If the mid-coast Maine town of Rockland were in New Hampshire, its motto might be “Live free and eat pie.” At least it would be in January, when the entire town gears up for Pies on Parade.
For those who come just for the main event on Sunday (this year it’s on January 25), it’s a day devoted to eating pie — mince pie, Key lime pie, wild Maine blueberry pie, pizza pie, meat pie, whoopee pie (not actually a pie, this New England favorite is a hand-sized chocolate cake sandwich filled with frosting). For those wise souls who arrive on Friday or Saturday to make a weekend of it at one of the sponsoring Historic Inns of Rockland, it’s a weekend extravaganza of pie eating. We were there last year, happily devouring apple pie for breakfast at Berry Manor Inn, French Canadian pork pie for lunch, dainty fresh fruit pies for tea-time, scrumptious wedges of tart cherry pie for bedtime snack.
The previous year we’d begun our day with a delectable lobster quiche at Granite Inn. We haven’t stayed at the third sponsor, Lime Rock Inn, but we stopped there on our tour for their specialty Key lime pie. It’s not just the B&Bs and restaurants that go all out for pies. Pies on Parade benefits the local food bank and heating fund, and businesses, even museums join in. Project Puffin Center, where we warmed up while watching a film about their nesting project, we had “cream puffins” — bird-shaped cream-puffs with bright orange beaks. Every oven in town must be going non-stop.
Rockland is better known in summer as home port of the Maine Windjammer fleet, but even in mid-winter we found a surprising lot to do between sampling pies. On Saturday we toured the Farnsworth Art Museum, where two rooms are filled with paintings by Andrew Wyeth and others show works by Winslow Homer, Gilbert Stuart and Childe Hassam. It’s a collection any city would be proud of.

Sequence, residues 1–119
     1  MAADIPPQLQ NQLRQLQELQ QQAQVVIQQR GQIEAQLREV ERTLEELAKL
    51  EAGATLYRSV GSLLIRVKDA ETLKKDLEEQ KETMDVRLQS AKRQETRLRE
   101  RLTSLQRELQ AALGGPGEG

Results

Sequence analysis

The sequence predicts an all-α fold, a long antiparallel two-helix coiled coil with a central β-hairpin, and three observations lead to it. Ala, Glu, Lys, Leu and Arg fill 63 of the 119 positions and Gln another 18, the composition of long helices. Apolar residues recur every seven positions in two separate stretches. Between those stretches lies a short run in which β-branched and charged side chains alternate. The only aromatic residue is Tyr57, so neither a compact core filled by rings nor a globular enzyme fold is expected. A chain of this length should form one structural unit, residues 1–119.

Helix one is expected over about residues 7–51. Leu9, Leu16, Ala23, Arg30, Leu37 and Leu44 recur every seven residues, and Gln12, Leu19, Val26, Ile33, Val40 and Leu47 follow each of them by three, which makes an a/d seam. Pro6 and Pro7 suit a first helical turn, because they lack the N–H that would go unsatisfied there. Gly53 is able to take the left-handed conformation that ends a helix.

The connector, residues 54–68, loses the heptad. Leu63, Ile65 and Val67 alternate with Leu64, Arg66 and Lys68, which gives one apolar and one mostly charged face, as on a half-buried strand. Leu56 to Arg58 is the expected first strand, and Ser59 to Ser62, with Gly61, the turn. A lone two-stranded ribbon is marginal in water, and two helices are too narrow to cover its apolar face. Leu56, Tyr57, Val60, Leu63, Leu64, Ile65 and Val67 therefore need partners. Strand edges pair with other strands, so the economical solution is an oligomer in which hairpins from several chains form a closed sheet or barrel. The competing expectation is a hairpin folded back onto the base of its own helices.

As we restaurant- and café-hopped on Sunday, we learned about lighthouses (and had lemon merengue pie) at the Maine Lighthouse Museum, and tasted wines at Breakwater Vineyards, where this year they’re serving pumpkin whoopee pies with Chardonay. Another take on the whoopee pie – this one made with Meyer-lemon-infused olive oil — was at Fiore, where we sampled rare olive oils and balsamic vinegars.
All along Main Street we stopped in businesses displaying Pies on Parade posters, where we were invited to sit at tables in cafes, pubs and restaurants to savor wedges of savory meat pies, mince pie made with meat and dried wild main blueberries, mini pizzas of shrimp and goat cheese. Local products were favored – Miranda’s served a Reuben pizza on foccacia with Morse’s Sauerkraut. At B&Bs we tried quiches and delicate little tartlets filled with fresh berries. We chuckled at some of the pie puns as restaurants stretched the definition of pie (pie-ayuh with seafood and chorizo at In Good Company, for example).
The local good humor set the tone for visitors, too. After a few stops, we began greeting fellow pie-eaters we’d seen in the museum or at another restaurant, and struck up conversations. We compared notes on pies, restaurants and our respective lodgings. We exchanged hellos with volunteers we’d met the day before. We felt like natives.
When we finally adjourned for the night to our elegant Victorian room at Berry Manor Inn, owner Cheryl Michaelsen tempted us with a bed-time snack we couldn’t resist even after a pie-filled day: of a wedge of her mom’s cherry pie. By then we were positively high on pie.